Likewise we have supported each other through these past years. For example, if it weren’t for many hours of patient help from my fellow classmates, I would likely have been taken from this world by an economics-inflicted aneurism or lay frozen in a GIS-induced coma. But here I stand today. And in all seriousness, I’ve never felt more supported or more valued in a community than I have here during my time with all of you. That spirit of camaraderie, which Nicholas School students, faculty and staff wholeheartedly embrace, permeates every aspect of this program and is what makes graduating today so bittersweet.

And as this period of our lives draws to a close, I quote the famous conservationist, Rachel Carson:

“We stand now where two roads diverge. But unlike the roads in Robert Frost’s familiar poem, they are not equally fair. The road we have long been traveling is deceptively easy, a smooth superhighway on which we progress with great speed, but at its end lies disaster. The other fork of the road — the one less traveled by — offers our last, our only chance to reach a destination that assures the preservation of the earth.”

 

Me and my new Filipino friends enjoying some videoke halfway through my time there doing research for my masters project on community based management of marine resources.

Me and my new Filipino friends enjoying some videoke halfway through my time in Oriental Mindoro conducting participatory research for my masters project on community based management of marine resources.

 

This group of individuals before me has collectively chosen the latter path, we’ve chosen to face adversity head-on and not back down, to shatter the status quo. And that determination is yet another reason why I’ve never been more proud to be part of a community—this eclectic community we affectionately call the Nic School.

To close, I want to share a story. Just last week I was chatting on the phone with my mom, who lives in San Diego, about the drought in California. As we discussed how the governor was addressing it, I kept drilling her with questions. Eventually, my mom tired of my assault and said “Well, I don’t know, aren’t you supposed to be working on this?”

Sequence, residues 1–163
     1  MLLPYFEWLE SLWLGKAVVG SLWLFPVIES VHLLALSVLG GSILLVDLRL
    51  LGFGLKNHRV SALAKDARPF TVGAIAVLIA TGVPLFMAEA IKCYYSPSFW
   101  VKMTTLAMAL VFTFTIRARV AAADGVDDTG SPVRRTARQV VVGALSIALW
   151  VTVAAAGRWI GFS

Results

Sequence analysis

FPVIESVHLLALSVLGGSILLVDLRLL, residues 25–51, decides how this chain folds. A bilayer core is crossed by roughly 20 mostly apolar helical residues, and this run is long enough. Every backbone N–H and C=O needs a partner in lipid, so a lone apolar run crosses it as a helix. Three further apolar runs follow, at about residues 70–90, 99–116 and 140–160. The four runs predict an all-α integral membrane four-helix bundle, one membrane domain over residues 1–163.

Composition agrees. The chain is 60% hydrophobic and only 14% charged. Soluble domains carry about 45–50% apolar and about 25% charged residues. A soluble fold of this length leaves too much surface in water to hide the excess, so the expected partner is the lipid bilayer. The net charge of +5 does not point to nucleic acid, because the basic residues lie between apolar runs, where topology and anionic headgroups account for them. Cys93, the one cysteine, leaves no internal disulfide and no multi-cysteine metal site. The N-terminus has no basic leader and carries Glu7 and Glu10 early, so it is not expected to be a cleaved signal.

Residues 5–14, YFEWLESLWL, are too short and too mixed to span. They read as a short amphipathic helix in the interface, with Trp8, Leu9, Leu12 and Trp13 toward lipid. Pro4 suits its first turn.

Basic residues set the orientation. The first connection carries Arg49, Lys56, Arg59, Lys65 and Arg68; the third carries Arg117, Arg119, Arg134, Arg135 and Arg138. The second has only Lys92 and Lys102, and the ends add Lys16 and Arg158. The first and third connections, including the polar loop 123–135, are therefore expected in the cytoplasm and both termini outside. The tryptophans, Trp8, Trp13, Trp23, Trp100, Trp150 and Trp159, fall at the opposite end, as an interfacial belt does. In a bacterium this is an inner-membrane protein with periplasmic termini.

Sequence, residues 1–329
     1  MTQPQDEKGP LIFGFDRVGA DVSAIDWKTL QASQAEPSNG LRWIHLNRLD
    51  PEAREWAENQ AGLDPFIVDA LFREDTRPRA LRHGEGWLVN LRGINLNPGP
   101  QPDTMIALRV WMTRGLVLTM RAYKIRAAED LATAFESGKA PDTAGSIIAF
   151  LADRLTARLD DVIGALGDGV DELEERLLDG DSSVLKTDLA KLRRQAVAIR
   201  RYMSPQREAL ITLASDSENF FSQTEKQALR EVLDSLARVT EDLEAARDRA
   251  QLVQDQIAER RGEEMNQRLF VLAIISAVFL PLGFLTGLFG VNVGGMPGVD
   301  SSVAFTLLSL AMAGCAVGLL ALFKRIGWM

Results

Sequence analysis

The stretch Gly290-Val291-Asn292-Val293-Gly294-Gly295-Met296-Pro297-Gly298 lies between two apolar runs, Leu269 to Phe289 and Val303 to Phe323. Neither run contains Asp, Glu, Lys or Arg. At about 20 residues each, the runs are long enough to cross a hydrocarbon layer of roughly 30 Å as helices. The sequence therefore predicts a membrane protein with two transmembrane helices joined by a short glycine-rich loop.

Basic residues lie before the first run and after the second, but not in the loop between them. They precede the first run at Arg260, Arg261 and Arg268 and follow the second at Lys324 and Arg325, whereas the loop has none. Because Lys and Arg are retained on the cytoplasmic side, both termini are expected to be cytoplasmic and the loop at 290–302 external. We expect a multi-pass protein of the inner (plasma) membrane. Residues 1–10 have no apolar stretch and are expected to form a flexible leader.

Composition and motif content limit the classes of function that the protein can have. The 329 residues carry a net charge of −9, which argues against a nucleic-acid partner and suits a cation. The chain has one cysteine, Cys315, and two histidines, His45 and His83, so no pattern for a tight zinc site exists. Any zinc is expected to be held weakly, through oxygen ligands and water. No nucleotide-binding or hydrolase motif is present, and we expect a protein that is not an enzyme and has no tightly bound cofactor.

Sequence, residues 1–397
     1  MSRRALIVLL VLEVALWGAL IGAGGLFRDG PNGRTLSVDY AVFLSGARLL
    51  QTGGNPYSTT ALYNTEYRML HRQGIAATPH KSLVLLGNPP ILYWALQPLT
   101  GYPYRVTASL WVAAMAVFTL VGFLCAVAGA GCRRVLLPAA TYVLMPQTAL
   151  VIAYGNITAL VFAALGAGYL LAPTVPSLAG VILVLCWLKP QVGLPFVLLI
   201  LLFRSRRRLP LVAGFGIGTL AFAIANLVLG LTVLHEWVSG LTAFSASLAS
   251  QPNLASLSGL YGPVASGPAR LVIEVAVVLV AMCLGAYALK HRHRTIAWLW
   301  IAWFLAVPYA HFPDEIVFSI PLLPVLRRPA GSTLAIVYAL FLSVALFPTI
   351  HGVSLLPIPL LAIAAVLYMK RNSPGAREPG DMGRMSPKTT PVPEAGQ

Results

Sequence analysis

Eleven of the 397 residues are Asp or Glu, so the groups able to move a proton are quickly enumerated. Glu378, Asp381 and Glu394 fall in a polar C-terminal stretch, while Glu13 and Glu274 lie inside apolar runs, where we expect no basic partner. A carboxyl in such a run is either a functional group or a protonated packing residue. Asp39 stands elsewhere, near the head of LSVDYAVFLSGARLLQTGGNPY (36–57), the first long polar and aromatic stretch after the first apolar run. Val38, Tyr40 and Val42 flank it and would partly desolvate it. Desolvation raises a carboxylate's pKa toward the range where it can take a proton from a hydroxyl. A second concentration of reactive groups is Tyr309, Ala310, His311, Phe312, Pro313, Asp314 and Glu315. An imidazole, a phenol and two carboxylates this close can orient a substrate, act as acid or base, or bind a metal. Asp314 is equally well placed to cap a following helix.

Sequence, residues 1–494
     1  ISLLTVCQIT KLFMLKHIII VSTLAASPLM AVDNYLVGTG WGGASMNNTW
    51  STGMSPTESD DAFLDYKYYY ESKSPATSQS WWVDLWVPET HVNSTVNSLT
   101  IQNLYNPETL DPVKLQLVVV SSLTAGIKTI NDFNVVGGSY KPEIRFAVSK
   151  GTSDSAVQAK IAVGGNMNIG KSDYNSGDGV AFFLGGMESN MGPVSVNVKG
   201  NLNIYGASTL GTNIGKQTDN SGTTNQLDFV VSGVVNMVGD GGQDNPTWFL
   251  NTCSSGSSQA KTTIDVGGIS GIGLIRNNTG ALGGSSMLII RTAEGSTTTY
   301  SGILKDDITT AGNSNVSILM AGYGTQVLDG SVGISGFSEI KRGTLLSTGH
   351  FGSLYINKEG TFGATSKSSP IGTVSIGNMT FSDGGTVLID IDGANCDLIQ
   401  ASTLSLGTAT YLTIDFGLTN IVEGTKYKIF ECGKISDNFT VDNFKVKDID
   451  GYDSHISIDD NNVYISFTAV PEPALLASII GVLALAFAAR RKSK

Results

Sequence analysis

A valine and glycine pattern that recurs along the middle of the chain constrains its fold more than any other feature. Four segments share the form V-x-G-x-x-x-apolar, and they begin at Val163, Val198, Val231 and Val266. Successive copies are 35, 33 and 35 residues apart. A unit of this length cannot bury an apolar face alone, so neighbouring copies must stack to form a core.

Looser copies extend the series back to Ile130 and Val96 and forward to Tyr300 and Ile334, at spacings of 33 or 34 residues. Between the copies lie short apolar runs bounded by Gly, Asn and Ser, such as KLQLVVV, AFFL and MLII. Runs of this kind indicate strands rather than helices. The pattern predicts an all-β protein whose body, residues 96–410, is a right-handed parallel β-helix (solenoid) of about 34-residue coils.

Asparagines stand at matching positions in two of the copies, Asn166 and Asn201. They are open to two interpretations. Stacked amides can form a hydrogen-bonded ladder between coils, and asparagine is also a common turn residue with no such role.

I laughed, because I know many of you have encountered a similar scenario, and if we had a dollar for every time someone asked us, “What is it you’re studying again?” we could have paid off our student loans by now. After laughing, I said, “No mom, I work on marine resource use.” Silence followed. Then I remembered that I actually do know fellow students who ARE working on water conservation and told her, “But don’t worry, the Nicholas School’s got people on that!”

 

The most thoughtful posters and canned goods donations from the best staff a masters student could ask for!

The most thoughtful posters and generous canned goods donations from the best staff a Student Council board could ask for!

 

In fact, I realized I know colleagues not only working on water conservation, but also helping small share coffee farmers in Latin America become more resilient to climate change, investigating the toxicity of consumer products, keeping oil and gas companies accountable through ecological monitoring, establishing corporate initiatives to improve airline sustainability, and, well, the list goes on.

Being part of this program has given me solid hope for the future, because I know that we will develop solutions, we will innovate, and we will always keep learning.

So now, as we head off to new destinations or return to familiar ones: be it Colombia, China or Singapore. Seattle, Kansas City or Charleston- I envision us as an army of lightning bugs flying into the night, brandishing our newfound knowledge, as we cast humble and honest light on the world’s most complex issues.

Thank you and CONGRATULATIONS class of 2015. We did it!

—-

I’m exceedingly grateful for my time here and am excited to be able to continue as an alumni blogger. Thank you Nicholas School and all the people who have made it such an enriching place. I leave the program more robust and effective and saturated with new achievements, friendships and the sweetest memories.